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The Benefits of Behavioral Fitness & Positive Leadership


Por Lee Newman
Profesor en Ciencias del Comportamiento
Decano de Ciencias Humanas y Tecnología

The Benefits of Behavioral Fitness & Positive Leadership


Today’s CEOs need to act more like CBOs—chief behavioral officers—if they want to get the most out of their employees. At the end of the day, the only way to achieve financial objectives is through human capital. Creating positive environments, nurturing employees’ mindware, and providing behavioral training are the foundation of a leadership style based on positivity

For most executives, leadership is about the pursuit of business and financial objectives. Although such goals are essential for any organization, they can distract senior leaders from their true leadership mission: ensuring that the people within the organization perform at their best. Numerical objectives are results of leadership, but it is only people who can be truly led.

From CEO to CBO

Staff involvement and positive behavior are essential to any company’s success. Today’s CEOs must therefore act more like CBOs: Chief Behavioral Officers. In this new role, business leaders focus on creating an environment that facilitates high performance from every employee and every team. As Sir Ken Robinson noted in his renowned TED Talk, the true role of leadership is not about command and control, but climate control -- creating the conditions under which people can thrive. When this happens, the impossible becomes possible.

Dean Newman takes this one step further, and sees the CBO as an “experience designer”. Drawing on the same best practices now being used in many companies to optimize their customer experience, CBO’s design organizational structures, organizational climate, team and individual incentives, and the overall culture of the company to foster great employee experiences. Trust, safety, permission to innovate and fast-fail, incentives that reward sharing across units and functions – these are just some of the examples of the levers that CBO’s have at their disposal in designing employee experience.

The business world needs these CBO’s. Why? Because study after study shows that across sectors and countries, employee engagement is too low. For example, Gallup finds that only about 15% of global employees are fully engaged in their jobs, and even in the countries with the highest engagement this figure is only 35%. This means that the vast majority of employees are partially engaged or actively disengaged from their work. The mission of the CBO is to ensure in his/her company that the proper conditions are in place to engage employees, enabling them to innovate, to work autonomously and to develop and use their strengths to the fullest degree.

More engagement

Positive leadership can address this challenge with three very powerful tools:

  1. Training mindware: Just as software and hardware must be updated, mindware—the mental processes that direct thought—can also be trained and developed to help people do their jobs better. Psychology and behavioral studies have given us mechanisms for helping people understand their own thinking processes, and to train themselves to think and make decisions with much higher quality. For example, the work of the Nobel laureate Daniel Kahneman sheds light on the many “biases” in thinking and decision making that we have, and techniques from behavioral decision making can help employees learn to use higher quality ways of reasoning and making their decisions. Another example is the practice of mindfulness, which offers employees a practical way to train themselves to better manage their attention – a critical component that we use in every meeting, conversation, or task.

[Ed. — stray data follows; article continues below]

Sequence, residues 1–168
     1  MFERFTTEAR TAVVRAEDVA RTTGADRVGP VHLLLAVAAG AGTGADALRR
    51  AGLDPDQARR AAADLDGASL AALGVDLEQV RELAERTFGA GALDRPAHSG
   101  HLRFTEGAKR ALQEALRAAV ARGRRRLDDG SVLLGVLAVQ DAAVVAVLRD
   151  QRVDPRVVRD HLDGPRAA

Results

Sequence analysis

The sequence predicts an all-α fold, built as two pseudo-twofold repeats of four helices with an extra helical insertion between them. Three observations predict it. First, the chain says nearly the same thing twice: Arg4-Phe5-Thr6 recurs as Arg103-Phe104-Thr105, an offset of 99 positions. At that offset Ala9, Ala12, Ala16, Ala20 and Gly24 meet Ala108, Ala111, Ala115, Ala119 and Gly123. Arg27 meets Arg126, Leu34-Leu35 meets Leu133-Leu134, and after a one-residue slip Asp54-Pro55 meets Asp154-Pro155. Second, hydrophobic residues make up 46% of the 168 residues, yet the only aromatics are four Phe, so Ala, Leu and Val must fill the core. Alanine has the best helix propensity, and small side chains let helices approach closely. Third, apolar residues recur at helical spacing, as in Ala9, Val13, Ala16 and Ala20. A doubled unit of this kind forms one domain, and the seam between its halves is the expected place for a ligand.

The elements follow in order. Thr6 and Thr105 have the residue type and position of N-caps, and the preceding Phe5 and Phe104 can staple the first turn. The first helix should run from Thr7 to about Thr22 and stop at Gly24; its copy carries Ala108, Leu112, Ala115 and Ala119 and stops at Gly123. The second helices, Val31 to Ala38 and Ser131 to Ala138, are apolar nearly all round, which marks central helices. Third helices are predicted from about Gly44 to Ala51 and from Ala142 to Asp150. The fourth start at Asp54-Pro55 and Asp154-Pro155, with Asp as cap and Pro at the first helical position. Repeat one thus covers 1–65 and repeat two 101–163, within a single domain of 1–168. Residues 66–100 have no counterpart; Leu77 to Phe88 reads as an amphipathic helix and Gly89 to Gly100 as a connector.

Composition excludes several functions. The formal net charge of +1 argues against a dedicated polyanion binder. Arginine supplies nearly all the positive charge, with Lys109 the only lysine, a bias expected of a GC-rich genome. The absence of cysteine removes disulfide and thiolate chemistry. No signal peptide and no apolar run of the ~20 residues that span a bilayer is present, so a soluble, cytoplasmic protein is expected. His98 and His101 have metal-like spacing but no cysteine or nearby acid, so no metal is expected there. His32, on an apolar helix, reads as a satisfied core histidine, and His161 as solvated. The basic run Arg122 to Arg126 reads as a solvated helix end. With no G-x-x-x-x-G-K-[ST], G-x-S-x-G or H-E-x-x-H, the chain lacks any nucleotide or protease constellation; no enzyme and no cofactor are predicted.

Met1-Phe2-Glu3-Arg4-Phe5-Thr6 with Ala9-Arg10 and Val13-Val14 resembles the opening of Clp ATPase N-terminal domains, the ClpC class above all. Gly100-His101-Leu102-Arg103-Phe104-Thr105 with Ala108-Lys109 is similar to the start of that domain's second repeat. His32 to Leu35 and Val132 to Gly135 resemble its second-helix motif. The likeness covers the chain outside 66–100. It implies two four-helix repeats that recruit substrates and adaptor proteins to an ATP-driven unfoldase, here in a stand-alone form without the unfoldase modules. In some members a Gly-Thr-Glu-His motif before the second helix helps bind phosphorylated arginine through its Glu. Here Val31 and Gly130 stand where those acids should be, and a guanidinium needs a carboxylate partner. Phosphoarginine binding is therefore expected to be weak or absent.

2. Cultivating positive environments: Beyond focusing on individual behavior and decision making, leaders as CBO’s need to focus on developing an work climate that maximizes employee performance. We know that employee well-being is associated with better results for the organization. To create a positive environment, the emotional aspects of employees’ day-to-day circumstances must be addressed, with an eye to reducing negativity and boosting positivity. Negative emotions have at least twice as much impact people psychologically as positive emotions. By measuring these emotions over time using simple questionnaires, the company can determine the prevailing level of positivity or negativity in each department. Simple actions—holding meetings, communicating more fluidly and transparently—can encourage positive emotions to flourish. Talent development and training make people more passionate and more likely to seek out new challenges.
  3. Behavioral training: Like fitness programs designed by professional coaches to help people train their bodies, Behavioral Fitness is about identifying a few “behavioral muscles” (unproductive behaviors) that could use training, and using the workplace as a kind of “behavioral gym” in which employees consistently work on training these behaviors to be more productive. These are behaviors for example, more active listening, being more open-minded, being more structured in speaking and communicating, and being more patient in team contexts. The challenge is that the brain hard-wires bad habits, and as a result changing a work place behavior can be very difficult. Drawing on the neuroscience of habits, Dean Newman presented a framework called “Habit Hacking” that provides a structured and gamified way for people to increase the changes of succeeding in their behavior change goals.

These tips can help business executives to increase employee engagement and exercise positive leadership. As staff performance improves, so will the company’s bottom line.

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